- Stakeholder Management
The challenges with stakeholders are driven by two main areas to do with master data governance.
- A lack of ownership – most organisations admit that they don’t maintain good master data on suppliers. One of the main reasons is that ownership is not clear between procurement and finance. Typically the vendor master has a lot of garbage and no one wants to tackle the clean-up process.
- Lack of data governance – Even if ownership is clear, there is no governance around data and the purpose and use of data is not communicated therefore the data which is maintained is not fit for how the organisation would like to use the data
Data integration is supposed to make a business run more smoothly, but getting everyone to work together to get to that point can take some work.
- Cost and Resource availability
Implementing integrations, merging technology, and then rounding up the resources it would take to actually make it happen often seems out of reach for teams with limited budgets. More than half of IT leaders say their organisation struggles to find resources with integration skills, according to Forrester/Liaison Technologies.
As mentioned, integrations are in principle, straightforward. However, if not approached from a business process perspective and not solely a technical perspective a number of issues can arise. MuleSoft reported that in 2019 that while 97 percent of organisations are currently undertaking or planning to undertake digital transformation initiatives, integration challenges are hindering efforts for 84 percent of organisations, according to IT leaders. Integration projects have a poor track record of success as well, according to some studies as many as 70% of all system integration projects fail to achieve the goals set for the project.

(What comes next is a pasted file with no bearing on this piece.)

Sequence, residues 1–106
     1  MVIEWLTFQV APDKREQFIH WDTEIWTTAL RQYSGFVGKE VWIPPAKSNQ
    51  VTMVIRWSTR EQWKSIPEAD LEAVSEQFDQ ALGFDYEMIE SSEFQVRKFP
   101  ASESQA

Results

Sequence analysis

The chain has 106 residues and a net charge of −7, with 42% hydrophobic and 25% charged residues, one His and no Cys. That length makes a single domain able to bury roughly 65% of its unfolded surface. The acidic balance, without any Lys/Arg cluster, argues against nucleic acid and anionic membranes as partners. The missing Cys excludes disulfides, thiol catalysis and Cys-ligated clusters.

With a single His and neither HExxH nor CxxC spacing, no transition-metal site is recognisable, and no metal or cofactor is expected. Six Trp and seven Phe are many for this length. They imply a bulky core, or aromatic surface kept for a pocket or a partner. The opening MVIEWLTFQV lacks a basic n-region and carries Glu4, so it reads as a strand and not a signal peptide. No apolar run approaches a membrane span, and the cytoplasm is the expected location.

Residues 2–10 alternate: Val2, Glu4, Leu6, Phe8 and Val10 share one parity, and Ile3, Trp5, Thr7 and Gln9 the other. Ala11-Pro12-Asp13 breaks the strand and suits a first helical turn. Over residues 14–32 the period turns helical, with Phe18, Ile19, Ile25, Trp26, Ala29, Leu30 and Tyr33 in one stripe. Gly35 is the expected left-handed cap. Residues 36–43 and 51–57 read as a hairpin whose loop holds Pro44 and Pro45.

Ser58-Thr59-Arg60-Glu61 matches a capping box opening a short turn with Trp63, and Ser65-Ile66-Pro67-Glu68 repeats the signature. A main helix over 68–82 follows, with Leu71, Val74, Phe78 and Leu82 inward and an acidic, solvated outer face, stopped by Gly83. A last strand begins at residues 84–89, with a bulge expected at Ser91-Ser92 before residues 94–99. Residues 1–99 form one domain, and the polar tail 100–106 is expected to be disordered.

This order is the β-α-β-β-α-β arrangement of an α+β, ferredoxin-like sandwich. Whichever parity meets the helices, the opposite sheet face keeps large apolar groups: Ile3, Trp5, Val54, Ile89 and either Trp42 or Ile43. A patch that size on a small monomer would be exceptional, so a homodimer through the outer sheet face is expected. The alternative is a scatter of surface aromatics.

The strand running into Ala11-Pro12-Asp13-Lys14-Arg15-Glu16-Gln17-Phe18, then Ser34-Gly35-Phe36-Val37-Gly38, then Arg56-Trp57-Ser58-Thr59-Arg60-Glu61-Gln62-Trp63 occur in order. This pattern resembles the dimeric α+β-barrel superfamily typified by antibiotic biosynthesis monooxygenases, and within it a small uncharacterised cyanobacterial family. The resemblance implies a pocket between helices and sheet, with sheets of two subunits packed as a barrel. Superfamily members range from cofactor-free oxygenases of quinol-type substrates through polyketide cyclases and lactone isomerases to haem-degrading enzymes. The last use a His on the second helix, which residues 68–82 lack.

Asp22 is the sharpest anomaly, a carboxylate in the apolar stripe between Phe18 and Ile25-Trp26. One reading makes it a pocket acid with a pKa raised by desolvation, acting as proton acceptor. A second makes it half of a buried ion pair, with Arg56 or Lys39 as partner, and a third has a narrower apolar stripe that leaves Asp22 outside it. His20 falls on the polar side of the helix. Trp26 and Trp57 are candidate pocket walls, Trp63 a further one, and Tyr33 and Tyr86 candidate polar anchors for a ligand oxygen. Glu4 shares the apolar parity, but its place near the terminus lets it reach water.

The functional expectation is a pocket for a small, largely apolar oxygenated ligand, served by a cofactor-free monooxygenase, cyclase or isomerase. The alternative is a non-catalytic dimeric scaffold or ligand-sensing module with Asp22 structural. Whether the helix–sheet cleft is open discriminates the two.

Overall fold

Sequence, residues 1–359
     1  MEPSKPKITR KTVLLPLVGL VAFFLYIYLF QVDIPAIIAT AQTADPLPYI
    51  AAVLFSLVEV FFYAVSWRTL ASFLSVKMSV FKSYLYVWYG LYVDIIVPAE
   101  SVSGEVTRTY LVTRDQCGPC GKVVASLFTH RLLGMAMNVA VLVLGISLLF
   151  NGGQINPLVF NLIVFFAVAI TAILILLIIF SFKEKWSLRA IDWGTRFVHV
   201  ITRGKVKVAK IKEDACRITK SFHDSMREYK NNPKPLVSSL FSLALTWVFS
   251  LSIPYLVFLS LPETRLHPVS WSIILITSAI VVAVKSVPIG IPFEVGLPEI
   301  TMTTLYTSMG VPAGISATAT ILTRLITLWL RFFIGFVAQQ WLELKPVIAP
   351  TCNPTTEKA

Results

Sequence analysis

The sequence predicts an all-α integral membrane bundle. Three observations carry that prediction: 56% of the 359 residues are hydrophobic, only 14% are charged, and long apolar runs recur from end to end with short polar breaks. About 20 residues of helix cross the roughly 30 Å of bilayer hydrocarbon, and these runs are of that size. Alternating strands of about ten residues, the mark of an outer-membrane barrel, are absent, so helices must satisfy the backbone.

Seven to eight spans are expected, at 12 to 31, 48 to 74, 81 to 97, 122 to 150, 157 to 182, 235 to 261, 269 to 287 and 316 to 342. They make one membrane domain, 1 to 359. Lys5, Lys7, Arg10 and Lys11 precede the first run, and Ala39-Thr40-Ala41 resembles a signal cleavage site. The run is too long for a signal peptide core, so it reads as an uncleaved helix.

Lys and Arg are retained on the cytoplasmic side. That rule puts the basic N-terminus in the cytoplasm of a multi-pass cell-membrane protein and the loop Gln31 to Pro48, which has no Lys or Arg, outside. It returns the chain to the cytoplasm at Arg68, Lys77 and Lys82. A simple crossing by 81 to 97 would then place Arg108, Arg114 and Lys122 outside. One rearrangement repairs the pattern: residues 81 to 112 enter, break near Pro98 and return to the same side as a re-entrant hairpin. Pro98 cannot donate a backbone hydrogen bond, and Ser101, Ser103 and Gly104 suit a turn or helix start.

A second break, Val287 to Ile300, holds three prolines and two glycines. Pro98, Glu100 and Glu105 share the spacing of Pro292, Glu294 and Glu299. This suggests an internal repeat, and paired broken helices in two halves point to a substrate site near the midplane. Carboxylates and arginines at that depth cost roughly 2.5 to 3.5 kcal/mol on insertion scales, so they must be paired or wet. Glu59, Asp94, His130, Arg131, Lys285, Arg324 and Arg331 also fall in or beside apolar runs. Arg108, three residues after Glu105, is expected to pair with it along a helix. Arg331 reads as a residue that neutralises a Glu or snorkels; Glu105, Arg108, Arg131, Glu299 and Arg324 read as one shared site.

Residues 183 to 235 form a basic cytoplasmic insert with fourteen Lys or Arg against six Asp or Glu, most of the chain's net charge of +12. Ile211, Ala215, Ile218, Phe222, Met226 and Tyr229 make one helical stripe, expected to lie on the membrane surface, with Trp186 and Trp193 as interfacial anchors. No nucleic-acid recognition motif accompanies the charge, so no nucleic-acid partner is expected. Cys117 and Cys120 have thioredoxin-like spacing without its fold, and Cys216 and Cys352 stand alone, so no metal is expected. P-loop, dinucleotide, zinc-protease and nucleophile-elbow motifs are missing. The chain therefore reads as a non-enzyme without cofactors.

- Disparate systems and processes
Take procurement and accounts payable as an example, large business units within the organisation have their own process and tools to manage these processes which makes data consolidation cumbersome. Sourcing, procurement, and accounts payable functions are usually run by different departments and these departments often optimise the process exclusively for their functions.
- “Not invented here” attitude
One of most common issues that arises regarding integration projects is the resistance of various internal stakeholders. The most typical one of these being from internal IT department. While the business should be the driver for an integration project, the IT department sometimes tends to forget their role as a support organisation, and it wants to act as the driver for the integration. This then easily leads into an argument by the IT department that “we can do this ourselves”.
Yet, as mentioned, IT departments typically do not have the required skill set to take on a complex, enterprise-wide data integration project. Typical IT department is also not very good at contacting third parties to engage in B2B integration. What typically tends to happen in these situations is that the organisation loses 6-12 months’ time before they realise that they cannot do the integration project by themselves.
How does this impact your business?
We’ve already covered in a previous post the challenges that organisations face without accurate control and visibility over their spend outlined in the image below: